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    Perhaps you should simply not worry about using but or and or any other conjunction at the beginning of a sentence. This is a burden you simply don't need to bear. Let it go. – Robusto Jul 29 '13 at 23:37
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    @AndrewLarsson Yes, I know: see my initial comment. The damage done by uptight busybodies telling people what not to do is incalculable. – tchrist Jul 29 '13 at 23:49

Your example sentence has but for, which is a preposition, not a conjunction. So none of the so-called rules prohibiting starting sentences with a conjunction apply.

As the comments here and other answers to similar questions make clear, there are times when it is absolutely the best choice to start a sentence with a coordinating conjunction such as and, but, or.

Language Log has an excellent article on this, which contains the following text:

There is nothing in the grammar of the English language to support a prescription against starting a sentence with and or but --- nothing in the norms of speaking and nothing in the usage of the best writers over the entire history of the literary language. Like all languages, English is full of mechanisms to promote coherence by linking a sentence with its discourse context, and on any sensible evaluation, this is a Good Thing. Whoever invented the rule against sentence-initial and and but, with its preposterous justification in terms of an alleged defect in sentential "completeness", must have had a tin ear and a dull mind. Nevertheless, this stupid made-up rule has infected the culture so thoroughly that 60% of the AHD's (sensible and well-educated) usage panel accepts it to some degree.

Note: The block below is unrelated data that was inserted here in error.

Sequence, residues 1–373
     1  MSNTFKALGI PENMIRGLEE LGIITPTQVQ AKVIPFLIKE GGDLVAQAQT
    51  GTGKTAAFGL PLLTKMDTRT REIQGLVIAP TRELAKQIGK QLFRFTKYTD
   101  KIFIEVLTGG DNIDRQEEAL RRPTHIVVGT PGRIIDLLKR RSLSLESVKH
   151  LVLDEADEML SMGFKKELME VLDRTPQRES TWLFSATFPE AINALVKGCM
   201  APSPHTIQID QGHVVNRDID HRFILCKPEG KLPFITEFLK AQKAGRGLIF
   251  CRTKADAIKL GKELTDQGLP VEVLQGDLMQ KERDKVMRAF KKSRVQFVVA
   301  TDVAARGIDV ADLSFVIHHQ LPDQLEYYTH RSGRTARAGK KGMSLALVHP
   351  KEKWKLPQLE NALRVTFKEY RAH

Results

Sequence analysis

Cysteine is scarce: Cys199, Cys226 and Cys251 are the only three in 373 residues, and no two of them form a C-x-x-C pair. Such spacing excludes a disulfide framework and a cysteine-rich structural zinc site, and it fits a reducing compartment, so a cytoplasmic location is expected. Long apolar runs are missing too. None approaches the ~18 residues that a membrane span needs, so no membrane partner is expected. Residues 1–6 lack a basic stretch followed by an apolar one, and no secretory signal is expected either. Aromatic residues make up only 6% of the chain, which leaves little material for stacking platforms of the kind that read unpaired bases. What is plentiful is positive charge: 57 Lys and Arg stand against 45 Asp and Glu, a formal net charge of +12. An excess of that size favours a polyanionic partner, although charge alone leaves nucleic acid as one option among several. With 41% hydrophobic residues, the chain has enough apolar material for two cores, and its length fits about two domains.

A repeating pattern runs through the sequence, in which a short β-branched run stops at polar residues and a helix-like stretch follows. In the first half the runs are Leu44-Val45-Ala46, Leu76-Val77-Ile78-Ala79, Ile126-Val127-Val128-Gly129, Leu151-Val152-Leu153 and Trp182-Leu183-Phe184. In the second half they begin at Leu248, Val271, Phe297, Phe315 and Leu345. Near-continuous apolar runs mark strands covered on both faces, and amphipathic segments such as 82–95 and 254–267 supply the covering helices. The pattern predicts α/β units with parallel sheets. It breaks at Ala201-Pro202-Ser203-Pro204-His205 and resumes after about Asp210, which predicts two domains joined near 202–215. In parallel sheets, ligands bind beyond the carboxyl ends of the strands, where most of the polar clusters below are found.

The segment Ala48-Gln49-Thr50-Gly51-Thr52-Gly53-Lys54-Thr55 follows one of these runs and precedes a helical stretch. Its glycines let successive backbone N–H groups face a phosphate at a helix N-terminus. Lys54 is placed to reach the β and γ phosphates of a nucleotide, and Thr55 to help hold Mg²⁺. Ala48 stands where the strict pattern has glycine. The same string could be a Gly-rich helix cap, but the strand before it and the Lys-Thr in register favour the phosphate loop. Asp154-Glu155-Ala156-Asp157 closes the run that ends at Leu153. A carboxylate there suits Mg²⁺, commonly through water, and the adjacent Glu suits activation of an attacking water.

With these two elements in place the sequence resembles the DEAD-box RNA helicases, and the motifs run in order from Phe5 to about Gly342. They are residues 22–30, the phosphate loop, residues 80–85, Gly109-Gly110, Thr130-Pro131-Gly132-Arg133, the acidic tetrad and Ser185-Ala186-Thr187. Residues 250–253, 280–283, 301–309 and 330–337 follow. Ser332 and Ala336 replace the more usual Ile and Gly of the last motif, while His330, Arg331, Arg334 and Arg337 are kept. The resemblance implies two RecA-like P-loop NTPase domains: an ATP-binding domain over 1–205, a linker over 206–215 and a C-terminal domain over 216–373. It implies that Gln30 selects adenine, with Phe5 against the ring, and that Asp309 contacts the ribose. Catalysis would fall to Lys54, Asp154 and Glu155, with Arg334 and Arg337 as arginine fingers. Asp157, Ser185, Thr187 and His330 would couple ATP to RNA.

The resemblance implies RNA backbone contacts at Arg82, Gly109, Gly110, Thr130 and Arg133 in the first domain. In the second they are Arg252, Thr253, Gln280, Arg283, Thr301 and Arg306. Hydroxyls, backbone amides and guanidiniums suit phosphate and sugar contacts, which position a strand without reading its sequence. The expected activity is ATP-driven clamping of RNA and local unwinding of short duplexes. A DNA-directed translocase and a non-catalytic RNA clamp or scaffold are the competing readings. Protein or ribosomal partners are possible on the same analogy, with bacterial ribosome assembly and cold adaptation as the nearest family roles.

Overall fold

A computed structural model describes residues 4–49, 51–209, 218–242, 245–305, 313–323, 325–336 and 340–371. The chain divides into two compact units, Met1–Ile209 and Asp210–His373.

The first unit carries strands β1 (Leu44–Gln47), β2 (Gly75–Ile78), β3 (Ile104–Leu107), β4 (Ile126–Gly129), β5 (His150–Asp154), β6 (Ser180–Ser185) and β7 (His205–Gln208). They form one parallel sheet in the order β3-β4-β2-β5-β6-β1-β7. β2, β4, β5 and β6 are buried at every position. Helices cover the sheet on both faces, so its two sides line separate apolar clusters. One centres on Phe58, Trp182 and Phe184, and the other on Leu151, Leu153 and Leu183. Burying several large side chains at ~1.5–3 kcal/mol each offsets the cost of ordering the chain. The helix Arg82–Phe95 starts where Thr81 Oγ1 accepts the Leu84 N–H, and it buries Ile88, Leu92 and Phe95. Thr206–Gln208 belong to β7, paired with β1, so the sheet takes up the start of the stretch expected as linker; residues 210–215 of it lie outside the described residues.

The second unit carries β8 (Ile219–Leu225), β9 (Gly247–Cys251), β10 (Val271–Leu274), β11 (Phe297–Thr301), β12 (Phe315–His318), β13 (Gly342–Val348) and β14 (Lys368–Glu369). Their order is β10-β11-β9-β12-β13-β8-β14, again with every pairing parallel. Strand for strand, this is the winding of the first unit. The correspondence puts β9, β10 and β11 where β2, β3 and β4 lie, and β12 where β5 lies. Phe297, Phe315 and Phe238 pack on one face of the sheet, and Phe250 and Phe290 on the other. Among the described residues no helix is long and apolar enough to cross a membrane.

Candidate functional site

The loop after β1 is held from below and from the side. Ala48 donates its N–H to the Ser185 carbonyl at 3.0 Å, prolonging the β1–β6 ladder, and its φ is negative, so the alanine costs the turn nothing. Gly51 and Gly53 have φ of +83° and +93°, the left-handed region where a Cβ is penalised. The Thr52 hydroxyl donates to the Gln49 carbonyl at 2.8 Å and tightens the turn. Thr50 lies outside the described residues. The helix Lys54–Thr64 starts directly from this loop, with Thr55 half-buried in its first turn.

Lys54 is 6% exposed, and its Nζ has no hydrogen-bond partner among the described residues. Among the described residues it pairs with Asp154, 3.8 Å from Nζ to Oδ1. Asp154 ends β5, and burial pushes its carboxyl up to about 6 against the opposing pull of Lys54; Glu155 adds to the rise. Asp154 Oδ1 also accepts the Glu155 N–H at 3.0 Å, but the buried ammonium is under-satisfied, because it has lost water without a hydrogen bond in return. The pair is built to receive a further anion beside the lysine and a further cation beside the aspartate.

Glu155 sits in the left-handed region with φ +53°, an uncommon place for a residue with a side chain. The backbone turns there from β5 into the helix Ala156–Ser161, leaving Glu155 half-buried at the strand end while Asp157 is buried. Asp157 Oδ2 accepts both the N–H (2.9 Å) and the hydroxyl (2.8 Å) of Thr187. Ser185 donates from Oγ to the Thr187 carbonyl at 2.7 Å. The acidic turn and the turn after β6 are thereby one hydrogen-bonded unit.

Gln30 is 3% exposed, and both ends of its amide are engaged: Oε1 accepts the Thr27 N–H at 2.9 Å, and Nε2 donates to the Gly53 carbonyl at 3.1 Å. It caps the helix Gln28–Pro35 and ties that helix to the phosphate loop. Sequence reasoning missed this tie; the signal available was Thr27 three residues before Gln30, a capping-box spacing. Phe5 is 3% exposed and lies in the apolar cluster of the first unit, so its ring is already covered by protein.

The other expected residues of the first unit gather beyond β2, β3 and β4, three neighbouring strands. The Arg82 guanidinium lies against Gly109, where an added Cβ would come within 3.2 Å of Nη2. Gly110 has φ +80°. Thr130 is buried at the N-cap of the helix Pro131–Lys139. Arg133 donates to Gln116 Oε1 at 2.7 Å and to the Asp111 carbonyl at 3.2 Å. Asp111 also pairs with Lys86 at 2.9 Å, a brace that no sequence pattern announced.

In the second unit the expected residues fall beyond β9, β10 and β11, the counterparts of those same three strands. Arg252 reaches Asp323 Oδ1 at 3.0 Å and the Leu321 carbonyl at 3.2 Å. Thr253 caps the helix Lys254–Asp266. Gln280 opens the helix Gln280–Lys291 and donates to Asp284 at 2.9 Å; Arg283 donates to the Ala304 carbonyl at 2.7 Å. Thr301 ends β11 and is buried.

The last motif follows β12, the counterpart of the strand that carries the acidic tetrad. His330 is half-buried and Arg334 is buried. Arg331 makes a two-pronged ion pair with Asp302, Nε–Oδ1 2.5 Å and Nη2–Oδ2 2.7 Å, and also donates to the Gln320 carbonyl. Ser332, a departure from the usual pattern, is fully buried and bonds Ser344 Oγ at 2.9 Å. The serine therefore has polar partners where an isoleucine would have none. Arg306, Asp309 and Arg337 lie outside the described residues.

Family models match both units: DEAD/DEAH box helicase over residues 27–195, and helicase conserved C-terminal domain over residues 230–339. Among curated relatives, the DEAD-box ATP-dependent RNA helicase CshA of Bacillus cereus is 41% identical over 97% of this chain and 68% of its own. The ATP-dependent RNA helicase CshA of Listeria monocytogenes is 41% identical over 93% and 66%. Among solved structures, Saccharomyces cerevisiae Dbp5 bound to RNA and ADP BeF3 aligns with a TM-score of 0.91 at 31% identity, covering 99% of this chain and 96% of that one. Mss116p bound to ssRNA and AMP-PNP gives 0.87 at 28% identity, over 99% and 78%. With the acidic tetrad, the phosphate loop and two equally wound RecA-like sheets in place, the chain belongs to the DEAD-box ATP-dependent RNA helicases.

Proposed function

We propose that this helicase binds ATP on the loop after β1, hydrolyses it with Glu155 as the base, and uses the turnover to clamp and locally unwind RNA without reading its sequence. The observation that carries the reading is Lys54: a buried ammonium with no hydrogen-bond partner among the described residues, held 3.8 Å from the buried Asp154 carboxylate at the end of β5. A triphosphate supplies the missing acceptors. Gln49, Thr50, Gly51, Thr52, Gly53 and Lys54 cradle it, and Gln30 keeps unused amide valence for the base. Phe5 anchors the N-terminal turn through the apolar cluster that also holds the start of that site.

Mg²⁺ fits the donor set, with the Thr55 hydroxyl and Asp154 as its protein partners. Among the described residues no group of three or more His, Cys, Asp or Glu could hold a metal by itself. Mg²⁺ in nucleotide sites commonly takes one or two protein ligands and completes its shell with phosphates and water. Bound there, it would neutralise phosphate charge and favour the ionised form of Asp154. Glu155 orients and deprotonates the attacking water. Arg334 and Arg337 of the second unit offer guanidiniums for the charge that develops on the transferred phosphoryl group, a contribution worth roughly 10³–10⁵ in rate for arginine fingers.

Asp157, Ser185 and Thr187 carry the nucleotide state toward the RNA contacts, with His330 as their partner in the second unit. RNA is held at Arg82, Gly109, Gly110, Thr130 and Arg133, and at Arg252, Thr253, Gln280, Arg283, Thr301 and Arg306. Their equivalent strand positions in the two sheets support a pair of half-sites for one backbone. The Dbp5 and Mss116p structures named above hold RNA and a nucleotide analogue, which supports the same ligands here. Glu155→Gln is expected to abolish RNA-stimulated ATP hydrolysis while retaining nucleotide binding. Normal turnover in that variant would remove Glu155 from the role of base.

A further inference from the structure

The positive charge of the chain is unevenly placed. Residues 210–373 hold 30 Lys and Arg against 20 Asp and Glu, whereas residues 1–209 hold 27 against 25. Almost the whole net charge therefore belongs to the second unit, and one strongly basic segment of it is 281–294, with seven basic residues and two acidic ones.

People who have internalised such zombie rules (Language Log) from school have maybe suffered from teachers who applied the "If they do it too much, they must be told not to do it at all" syndrome. In other words, elementary school students are told never to start a sentence with and to preclude typical narratives that are a string of "And then I did this ... And then I did that ... ." This is what people tend to remember, and not the more nuanced discussion that takes places (should take place) in high school English class.

Again, there is a helpful discussion of the above syndrome on Language Log.

As an aside, because is a subordinating conjunction, and there is never a problem starting a sentence with a subordinating conjunction, as long as the clause it begins is followed by a main clause - otherwise you have a sentence fragment. But, again, there is no prohibition on writing fragments. Because they can be the most effective way to make your point.